I can also see the 2000 version of Chavez prevailing over the 2000 version of Gatti like Duran over The Blade or losing a close decision the way El Terrible did vs. Chino. At first, I was thinking Gatti would absolutely destroy Chavez, who I considered finished after his second loss to Oscar De La Hoya in 1998. The sluggish version that dropped a 10-rounder to Wily Wise in 1999 would have been beaten down to late stoppage by Gatti’s heavy haymakers. But then I remembered that Chavez regained a semblance of his old form when he challenged Kostya Tszyu for the WBC 140-pound belt in 2000. He was painfully slow and had to resort to blatant low blows vs. King Kostya, but his vintage stance and technique was almost there… enough at least for him to have a few moments vs. a future hall of famer in his prime. Tszyu patiently picked Chavez apart until his corner rescued him in Round 6, but the Russian-Aussie was so much sharper than Gatti ever was, especially in 2000. I know Gatti would be motivated like never before to face a legend like Chavez, but he couldn’t help but loop and telegraph his big shots to the body and head. I think Chavez would do a much better job of blocking (and countering) Gatti’s bombs (which could do as much damage as Tszyu’s sharp shots) than he did evading Kostya’s well-timed and quick one-twos down the pike.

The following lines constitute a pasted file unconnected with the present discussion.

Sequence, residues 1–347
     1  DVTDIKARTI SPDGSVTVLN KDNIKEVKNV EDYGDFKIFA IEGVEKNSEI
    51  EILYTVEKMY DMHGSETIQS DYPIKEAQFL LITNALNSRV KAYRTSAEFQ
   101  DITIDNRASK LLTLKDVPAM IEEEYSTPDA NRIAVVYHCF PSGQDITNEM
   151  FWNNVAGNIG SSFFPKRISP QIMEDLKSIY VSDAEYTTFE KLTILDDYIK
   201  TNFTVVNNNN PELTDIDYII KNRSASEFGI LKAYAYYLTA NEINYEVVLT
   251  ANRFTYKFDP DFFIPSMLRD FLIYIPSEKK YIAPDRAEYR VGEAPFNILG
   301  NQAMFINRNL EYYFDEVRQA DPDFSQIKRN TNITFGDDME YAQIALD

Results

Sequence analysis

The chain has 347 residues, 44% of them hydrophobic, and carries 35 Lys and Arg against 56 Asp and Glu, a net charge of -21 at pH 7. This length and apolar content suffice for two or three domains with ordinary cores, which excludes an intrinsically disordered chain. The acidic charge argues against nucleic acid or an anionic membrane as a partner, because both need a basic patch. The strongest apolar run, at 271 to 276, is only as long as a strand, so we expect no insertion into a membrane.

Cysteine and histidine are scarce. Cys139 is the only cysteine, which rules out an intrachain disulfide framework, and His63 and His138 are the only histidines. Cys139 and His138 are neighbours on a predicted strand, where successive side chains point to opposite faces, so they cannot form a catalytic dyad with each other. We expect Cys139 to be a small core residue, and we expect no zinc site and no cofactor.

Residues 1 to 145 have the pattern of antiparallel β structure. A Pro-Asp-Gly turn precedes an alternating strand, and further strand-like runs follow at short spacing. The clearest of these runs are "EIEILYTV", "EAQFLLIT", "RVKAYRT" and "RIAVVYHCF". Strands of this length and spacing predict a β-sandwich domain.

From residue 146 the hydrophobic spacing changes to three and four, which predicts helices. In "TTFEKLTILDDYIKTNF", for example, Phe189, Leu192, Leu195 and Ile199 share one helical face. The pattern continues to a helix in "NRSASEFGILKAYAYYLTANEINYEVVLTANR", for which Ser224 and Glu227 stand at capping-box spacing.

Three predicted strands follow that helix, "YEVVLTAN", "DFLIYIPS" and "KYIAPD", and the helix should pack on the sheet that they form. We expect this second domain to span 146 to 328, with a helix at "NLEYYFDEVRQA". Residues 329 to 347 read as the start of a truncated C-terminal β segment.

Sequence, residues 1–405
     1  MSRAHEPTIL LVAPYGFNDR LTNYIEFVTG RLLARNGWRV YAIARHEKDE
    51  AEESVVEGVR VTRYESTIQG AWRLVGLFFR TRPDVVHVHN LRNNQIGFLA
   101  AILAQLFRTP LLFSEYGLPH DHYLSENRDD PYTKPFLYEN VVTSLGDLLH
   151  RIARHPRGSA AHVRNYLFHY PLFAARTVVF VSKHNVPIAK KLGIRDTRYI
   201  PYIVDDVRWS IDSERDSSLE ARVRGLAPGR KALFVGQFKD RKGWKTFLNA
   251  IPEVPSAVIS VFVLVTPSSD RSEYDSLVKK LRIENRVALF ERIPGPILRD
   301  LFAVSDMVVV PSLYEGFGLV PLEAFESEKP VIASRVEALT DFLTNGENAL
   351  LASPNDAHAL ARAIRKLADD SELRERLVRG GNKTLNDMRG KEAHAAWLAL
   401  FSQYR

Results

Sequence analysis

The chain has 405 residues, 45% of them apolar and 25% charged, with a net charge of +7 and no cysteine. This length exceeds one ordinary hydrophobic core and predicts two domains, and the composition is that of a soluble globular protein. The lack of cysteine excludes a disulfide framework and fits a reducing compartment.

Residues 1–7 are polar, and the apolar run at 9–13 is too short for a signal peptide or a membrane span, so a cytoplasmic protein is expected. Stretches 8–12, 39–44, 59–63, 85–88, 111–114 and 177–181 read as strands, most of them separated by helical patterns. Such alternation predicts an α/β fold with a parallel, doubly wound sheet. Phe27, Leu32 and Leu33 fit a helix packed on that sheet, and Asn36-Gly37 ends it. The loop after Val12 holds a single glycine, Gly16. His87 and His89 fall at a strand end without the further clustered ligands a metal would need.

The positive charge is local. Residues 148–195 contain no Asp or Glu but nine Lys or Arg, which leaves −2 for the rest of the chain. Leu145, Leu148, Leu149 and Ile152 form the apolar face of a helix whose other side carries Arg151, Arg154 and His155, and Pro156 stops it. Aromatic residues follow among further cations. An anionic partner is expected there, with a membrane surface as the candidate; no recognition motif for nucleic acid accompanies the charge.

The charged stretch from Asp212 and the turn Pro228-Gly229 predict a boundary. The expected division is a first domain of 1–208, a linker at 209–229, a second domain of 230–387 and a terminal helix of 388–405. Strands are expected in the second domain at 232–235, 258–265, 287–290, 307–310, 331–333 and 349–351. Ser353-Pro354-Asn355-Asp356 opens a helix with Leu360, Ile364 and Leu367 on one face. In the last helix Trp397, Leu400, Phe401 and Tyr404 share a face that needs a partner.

I’d forgotten how much those back-to-back losses to Ivan Robinson in 1998 had messed with Gatti’s mojo. He really didn’t regain it until he was paired with Buddy McGirt following the Oscar De La Hoya drubbing in 2001, and even then, it took a few fights (including the loss to Micky Ward that kicked off their classic trilogy). So, I go back and forth with this one, but I guess I’ll go with the all-time great like you did. There wasn’t much of the real JC Superstar left in 2000, but whatever he could summon (and I figure Gatti’s reputation would get him to train hard) would probably be enough to get by the version of Thunder that was troubled a little bit (and bled A LOT) vs. the pesky Baby Joe Hutchinson.